This weekend marked Austin's fourth year hosting Formula One racing, an event that brings hundreds of thousands of visitors from all around the world. The winner this year, Lewis Hamilton, hails from England. It's a huge event for this town: the Austin Grand Prix at the Circuit of the Americas attracts more people than South by Southwest and the Austin City Limits Music Festival combined. So along with some good old Texas hospitality, we've also developed an abiding intercultural awareness.
From business leaders to restaurants to snack bars to shops, it was bound to be a weekend of interesting encounters. With the exception of the Olympics and the World Cup, there is no sporting event with more viewers -- even the Superbowl. Formula 1 weekend is viewed by millions of people around the world -- some 425 million last year. So with the globe watching, it's always a great opportunity to convey our savvy of intercultural etiquette and protocol.
Consider these 4 practical tips as a gentle reminder for anyone hosting international customers:
More Formal Greetings
We've gotten used to a very casual level of familiarity, particularly in restaurants and other service industries. But with international customers, it's best to be ready with a "Good morning" or "Good afternoon" -- "Hi there" is just far too familiar. It's also a good idea to use appropriate titles, along with last names, when conducting a transaction, returning a credit card, or presenting a check or bill. Don't ask, "Hi, John, and how did you enjoy your meal?" as has become a checkout custom in certain restaurants. Until you're invited to use a first name, use Mr., Ms. or Dr. along with the last name. It may be true in the U.S. (as well as in Australia), that we don't want to appear snobbish, or making a class distinction. But Latin Americans, Europeans and Asians use titles when greeting and introducing each other, and they expect us to do the same.
Longer, Later Meals
Dining customs differ around the world. In this country, "eat and run" and "let's grab a bite" are the norm. But that's not the case for many international diners, who consider meals to be social events, meant to be savored. Be prepared for international diners to linger over their meal, order dessert and sit talking over their coffee for a good two or three hours. Even in the heat of summer, some cultures, particularly Latin American, believe that coffee is king -- to be enjoyed after every meal, regardless of the temperature outside. And meals start at different times as well. In Mexico, the main meal is taken at midday -- typically, at around 2:00 p.m. In Spain, the main meal is dinner, and eaten late, often starting at around 10:00 p.m.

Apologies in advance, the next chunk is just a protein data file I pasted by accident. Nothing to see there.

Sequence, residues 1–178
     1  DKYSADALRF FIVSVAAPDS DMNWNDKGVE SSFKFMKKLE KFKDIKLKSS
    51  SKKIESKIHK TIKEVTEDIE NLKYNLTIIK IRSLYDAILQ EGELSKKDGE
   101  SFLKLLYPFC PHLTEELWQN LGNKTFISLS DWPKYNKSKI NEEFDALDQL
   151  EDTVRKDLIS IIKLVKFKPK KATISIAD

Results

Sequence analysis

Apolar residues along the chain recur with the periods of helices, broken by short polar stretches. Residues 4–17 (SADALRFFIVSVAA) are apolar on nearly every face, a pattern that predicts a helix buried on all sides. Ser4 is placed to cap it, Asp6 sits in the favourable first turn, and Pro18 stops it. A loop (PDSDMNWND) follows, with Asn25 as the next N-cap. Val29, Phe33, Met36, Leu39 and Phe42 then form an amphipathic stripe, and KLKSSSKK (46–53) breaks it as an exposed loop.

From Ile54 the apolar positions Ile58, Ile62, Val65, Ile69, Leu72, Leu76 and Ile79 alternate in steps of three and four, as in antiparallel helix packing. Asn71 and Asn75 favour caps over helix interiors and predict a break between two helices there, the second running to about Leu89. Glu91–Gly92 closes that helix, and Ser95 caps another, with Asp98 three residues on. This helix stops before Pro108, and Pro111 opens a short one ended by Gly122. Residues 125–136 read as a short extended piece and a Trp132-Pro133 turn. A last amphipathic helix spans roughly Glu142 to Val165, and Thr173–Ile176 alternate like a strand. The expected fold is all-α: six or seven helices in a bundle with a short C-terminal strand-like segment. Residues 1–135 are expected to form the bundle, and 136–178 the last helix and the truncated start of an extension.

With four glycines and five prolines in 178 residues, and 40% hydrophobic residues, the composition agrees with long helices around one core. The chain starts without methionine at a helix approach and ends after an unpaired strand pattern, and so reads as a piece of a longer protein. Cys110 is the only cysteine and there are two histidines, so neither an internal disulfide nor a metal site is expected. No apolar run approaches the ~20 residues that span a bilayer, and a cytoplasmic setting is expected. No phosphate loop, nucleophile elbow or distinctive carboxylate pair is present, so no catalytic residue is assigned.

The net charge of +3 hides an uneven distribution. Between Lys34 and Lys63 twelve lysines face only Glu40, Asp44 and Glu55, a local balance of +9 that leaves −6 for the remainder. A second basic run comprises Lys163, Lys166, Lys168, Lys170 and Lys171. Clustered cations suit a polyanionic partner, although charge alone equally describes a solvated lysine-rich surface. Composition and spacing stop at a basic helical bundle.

Less Personal Space
Different cultures have different concepts of what personal space means, including ours. Do not be surprised or caught off guard if an international visitor seems to be standing too close to you: it could be that they consider an acceptable social distance closer than what most of us do in the U.S. And should you step back or step away, they may take offense -- and terminate the exchange or conversation. By comparison, here are some general standards in the U.S., as delineated in The Hidden Dimension by Edward T. Hall. According to Hall, there are several categories of personal space, each with its own distance: Intimate distance (0 - 18 inches), personal distance for good friends and family members (18 inches - 4 feet), and social distance for acquaintances and colleagues (4-12 feet.) In the U.S., standing too close may be construed as aggressive or pushy, while standing too far away may be seen a sign of disinterest. One possible strategy: allow the international guest to dictate the proximity, so long as it's within your cultural comfort zone.
Yes, Tips are Different
Tipping customs vary around the world. In some areas of Europe and in certain countries, including Australia and Japan, the gratuity is built into the cost of the meal, and tips are not added. Nor is tipping customary in all countries. So servers should not be surprised if they don't receive a tip -- and nor should anyone around to witness it. In fact in some cases, a tip could be construed as a negative: many seasoned international protocol guides will tell you that in Japan, if a tip is left for a server, the Japanese are offended. In other countries, it's customary to tip 5 - 10 percent. In past years, to try and bridge the gap (and help the wait staff), some restaurants in Austin installed tasteful tabletop signs, advising patrons that there would be an automatic 18 percent gratuity added during Formula One Grand Prix weekend. The strategy was a success.
With events like the Grand Prix, Central Texas has become a global destination. It's a terrific opportunity to further our intercultural understanding and show our wisdom. You never know: you may be the first impression an international visitor has of the U.S.A. We did it beautifully this year. Next year, let's make it even better.